Norway’s sovereign wealth fund has grown so much that it makes every Norwegian citizen a “theoretical” millionaire. The country reached the milestone thanks to a recent increase in oil and gases prices during 2013.
While the rest of Europe remains mired in financial crisis, Norway has quietly been amassing a huge fortune which reached 5.11 trillion crowns ($828 billion) on Wednesday, according to figures from the country’s central bank - Norges Bank.
The new figure is over a million times Norway’s population which
totaled 5,096,300 in the third quarter of 2013.
The surplus revenue from Norway’s oil and gas investments around the world is collected in the Government Pension Fund Global.
The fund ballooned in 2013, raking in a total of 288 billion
crowns ($46 billion) from around the world.
Norwegian Finance Minister Siv Jensen told Reuters the fund helps protect Norway from volatile fluctuations on the oil and gas market.
“Many countries have found that temporary large revenues from natural resource exploitation produce relatively short-lived booms that are followed by difficult adjustments,” Jensen said.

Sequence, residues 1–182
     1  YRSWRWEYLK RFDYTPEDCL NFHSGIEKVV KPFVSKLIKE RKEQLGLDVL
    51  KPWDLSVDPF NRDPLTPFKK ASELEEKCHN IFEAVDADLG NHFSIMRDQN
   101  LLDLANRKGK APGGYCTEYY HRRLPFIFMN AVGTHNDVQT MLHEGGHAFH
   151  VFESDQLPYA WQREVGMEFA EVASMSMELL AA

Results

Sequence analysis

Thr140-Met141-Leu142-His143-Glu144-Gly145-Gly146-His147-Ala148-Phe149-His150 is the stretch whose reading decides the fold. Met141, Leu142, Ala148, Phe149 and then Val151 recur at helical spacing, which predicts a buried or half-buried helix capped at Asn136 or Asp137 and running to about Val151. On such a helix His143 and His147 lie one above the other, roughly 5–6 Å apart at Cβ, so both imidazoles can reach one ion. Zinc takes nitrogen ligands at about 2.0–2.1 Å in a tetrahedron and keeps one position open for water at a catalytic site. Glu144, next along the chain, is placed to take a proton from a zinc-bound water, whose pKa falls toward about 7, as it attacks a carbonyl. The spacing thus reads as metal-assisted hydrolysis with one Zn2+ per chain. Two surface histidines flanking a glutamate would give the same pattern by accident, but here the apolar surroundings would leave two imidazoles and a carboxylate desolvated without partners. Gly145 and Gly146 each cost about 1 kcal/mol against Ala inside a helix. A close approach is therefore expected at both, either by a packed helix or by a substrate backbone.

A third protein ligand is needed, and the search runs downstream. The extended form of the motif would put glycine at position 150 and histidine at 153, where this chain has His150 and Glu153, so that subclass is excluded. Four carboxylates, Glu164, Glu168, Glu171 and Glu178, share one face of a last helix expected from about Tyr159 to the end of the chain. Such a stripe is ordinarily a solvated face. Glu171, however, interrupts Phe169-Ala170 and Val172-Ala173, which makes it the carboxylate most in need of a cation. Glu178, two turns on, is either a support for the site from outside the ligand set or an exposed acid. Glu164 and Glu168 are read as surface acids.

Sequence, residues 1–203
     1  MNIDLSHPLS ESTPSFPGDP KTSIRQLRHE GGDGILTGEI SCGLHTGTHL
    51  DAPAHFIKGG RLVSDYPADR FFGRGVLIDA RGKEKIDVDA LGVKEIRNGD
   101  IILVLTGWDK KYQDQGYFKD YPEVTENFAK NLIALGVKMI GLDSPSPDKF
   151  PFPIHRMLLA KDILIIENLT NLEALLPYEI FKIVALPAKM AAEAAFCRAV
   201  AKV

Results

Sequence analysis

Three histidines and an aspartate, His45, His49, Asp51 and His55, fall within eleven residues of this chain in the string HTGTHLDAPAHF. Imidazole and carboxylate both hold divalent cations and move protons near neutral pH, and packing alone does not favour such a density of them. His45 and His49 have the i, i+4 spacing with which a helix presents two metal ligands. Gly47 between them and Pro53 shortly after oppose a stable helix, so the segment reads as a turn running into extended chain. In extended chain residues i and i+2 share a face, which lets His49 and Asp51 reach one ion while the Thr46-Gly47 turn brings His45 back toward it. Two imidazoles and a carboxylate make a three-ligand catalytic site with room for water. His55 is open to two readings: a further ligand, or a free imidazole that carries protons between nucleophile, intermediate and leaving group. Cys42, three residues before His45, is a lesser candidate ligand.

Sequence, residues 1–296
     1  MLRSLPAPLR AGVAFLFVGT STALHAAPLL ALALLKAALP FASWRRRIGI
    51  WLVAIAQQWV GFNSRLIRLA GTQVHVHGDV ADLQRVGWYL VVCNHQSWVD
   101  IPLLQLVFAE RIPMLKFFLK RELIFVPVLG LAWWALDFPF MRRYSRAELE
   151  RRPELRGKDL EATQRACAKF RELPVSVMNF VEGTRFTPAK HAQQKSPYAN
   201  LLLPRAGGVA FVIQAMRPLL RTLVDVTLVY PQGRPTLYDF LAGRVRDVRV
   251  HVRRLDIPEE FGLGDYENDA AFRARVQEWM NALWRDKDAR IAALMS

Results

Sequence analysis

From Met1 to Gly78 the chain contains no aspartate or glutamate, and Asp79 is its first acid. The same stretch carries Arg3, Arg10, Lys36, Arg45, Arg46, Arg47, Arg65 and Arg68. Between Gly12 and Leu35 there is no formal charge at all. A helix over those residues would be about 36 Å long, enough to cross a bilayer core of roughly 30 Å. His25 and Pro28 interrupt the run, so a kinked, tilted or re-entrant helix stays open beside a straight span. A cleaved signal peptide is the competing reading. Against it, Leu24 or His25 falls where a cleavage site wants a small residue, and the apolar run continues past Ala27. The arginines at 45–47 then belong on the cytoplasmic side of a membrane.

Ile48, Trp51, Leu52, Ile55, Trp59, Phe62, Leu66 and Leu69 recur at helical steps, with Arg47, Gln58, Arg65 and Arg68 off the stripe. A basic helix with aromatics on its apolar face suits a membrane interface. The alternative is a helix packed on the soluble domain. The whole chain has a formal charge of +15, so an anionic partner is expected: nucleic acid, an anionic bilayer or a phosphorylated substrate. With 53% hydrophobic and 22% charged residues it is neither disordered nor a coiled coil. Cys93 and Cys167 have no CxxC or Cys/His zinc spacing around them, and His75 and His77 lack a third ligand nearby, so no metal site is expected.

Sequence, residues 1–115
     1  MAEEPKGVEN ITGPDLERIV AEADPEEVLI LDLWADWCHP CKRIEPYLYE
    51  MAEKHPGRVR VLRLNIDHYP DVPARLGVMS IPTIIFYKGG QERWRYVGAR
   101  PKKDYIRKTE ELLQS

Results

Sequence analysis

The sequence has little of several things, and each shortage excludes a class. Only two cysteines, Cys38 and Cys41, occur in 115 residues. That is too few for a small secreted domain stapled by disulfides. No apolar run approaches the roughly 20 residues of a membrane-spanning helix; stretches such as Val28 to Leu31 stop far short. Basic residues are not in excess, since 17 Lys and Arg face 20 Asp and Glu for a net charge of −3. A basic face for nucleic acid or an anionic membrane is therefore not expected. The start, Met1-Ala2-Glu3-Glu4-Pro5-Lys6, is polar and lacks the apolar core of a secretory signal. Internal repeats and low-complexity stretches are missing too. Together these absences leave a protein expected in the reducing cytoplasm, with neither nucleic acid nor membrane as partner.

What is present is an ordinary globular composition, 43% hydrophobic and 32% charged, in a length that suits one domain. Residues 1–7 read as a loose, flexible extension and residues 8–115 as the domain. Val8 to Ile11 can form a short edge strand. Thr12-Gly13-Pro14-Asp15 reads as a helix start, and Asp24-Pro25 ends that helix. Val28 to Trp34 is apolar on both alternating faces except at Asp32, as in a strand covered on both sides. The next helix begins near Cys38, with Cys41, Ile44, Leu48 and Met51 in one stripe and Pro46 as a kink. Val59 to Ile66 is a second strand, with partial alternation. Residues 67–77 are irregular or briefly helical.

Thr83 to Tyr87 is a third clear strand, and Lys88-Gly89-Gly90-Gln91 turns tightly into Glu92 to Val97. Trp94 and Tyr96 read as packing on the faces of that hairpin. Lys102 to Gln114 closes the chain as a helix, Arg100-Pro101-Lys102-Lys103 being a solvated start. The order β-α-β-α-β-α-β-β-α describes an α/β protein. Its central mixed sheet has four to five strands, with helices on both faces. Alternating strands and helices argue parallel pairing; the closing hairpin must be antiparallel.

In spite of the millionaire milestone, Norwegians will not be allowed to access the money which is being saved for a rainy day.
The Norwegian government has been parsimonious with the surplus that has built up in its Government Pension Fund Global, which was laid down in 1990. The institution was first established in a move to compensate for the predicted decline of oil revenues over the next decade.
“The fund is a success in the sense that parliament has managed to put aside money for the future. There are many examples of countries that have not managed that,” said Oeystein Doerum, chief economist at DNB Markets to Reuters.
She added that Norway’s significant wealth and ability to support
its citizens may have discouraged some from working.
“One in five people of working age receives some kind of social insurance instead of working,” Doerum said. Norway’s unemployment rate currently stands at 3.3 percent a far cry from the European average of 11 percent.
With a decline in the oil markets expected over the next ten years, Norway is currently debating how to diversify its oil-based economy. Prime Minister Erna Solberg told the Confederation of Norwegian Enterprise’s that Norway needed to prepare for the “post oil era” at a conference on Wednesday.
“The oil has given Norway prosperity, but it is knowledge that is Norway’s future,” she said describing Norway as “mediocre, the middle of the tree.”
“We must be on top. We can’t be top in everything, but we must have some world leading universities and have a high level of general education.”
Rich deposits of oil were discovered in the North Sea off the coast of Norway in the 1960s, turning the country into the seventh biggest oil exporter today. However, recent years have seen a decline in oil revenue, but discoveries of oil deposits in the Barents Sea in 2013 could revitalize the industry in Norway.